JUDGE Willie Seriti, chairman of the commission of inquiry into the arms deal, is expected to make a statement on Monday on damaging allegations made by former senior investigator Mokgale Moabi, who has questioned the integrity of the commission.
Commission spokesman William Baloyi said on Sunday that Mr Moabi’s stature meant the claims he made in his letter of resignation, which was leaked to the media last week, had to be addressed. Mr Moabi is a respected Pretoria attorney and former acting judge.
Mr Baloyi said he believed the commission’s integrity was intact despite the allegations, although their effect on the commission could not be ignored.
Two advocates have warned that the credibility of the commission will be harmed if Judge Seriti does not deal with Mr Moabi’s allegations.
In his resignation letter, Mr Moabi said Judge Seriti had a "second agenda" that was at odds with the commission’s mandate to uncover the truth about the multibillion-rand arms contracts and that he could no longer be part of its work.
Mr Moabi said it appeared that unknown persons were dictating processes at the commission and that it secretly aimed to discredit witnesses called to testify in March.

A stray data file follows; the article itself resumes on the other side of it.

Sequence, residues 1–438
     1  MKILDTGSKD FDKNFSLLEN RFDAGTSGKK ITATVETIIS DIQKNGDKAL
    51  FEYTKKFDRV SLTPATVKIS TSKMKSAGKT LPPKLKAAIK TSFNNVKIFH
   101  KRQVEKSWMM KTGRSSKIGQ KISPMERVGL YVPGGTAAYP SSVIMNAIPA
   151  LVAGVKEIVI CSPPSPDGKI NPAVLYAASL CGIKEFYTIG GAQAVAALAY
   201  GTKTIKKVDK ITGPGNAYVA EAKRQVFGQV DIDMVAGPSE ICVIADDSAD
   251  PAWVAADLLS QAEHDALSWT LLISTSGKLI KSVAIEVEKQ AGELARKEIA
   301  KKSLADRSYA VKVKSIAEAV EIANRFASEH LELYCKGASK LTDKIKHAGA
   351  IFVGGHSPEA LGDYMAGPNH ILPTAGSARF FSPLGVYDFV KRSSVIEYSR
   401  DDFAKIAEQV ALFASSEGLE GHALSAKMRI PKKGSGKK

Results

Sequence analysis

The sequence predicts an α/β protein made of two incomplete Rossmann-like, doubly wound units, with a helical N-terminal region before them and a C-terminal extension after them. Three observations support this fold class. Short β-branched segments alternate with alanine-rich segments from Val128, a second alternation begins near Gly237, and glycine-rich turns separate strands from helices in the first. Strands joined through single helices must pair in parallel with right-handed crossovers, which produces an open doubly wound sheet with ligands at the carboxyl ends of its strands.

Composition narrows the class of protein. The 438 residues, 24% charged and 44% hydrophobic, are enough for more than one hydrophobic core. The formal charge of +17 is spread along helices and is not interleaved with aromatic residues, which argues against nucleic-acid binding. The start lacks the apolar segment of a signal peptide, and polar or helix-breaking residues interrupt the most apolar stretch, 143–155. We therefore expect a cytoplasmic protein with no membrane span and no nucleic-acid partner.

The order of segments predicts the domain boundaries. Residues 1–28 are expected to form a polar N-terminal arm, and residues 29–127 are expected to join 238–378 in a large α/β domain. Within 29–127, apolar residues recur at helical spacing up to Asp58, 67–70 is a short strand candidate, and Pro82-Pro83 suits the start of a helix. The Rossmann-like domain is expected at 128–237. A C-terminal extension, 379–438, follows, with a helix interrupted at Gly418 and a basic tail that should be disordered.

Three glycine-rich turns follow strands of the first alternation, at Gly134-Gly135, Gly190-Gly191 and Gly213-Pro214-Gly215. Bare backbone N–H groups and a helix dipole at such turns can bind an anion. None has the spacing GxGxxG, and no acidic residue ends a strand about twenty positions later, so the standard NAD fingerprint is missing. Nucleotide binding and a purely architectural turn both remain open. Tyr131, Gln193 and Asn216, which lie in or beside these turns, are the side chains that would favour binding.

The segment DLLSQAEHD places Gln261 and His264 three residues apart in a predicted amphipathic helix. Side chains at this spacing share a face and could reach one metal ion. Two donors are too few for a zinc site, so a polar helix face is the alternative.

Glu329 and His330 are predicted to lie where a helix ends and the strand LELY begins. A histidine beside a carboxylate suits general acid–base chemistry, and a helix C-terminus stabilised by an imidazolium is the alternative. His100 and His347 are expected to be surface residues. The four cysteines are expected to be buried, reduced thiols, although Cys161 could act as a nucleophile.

Institute of Accountability in Southern Africa director Paul Hoffman SC on Sunday urged Judge Seriti to deal comprehensively with the allegations, failing which his credibility would be "shot to pieces" and he would be forced to resign.
Advocate Johan Kruger, director of the Centre of Constitutional Rights of the FW de Klerk Foundation, said if Mr Moabi’s allegations were true, the commission’s "integrity, as well as its ability to achieve its objectives is highly questionable".
"If the Seriti commission is to retain its credibility, it is essential that it should deal convincingly with the serious allegations. If it does not establish beyond any doubt the integrity of the chairperson and the transparency of the commission’s procedures, its final report and findings will do little to save anybody’s reputation."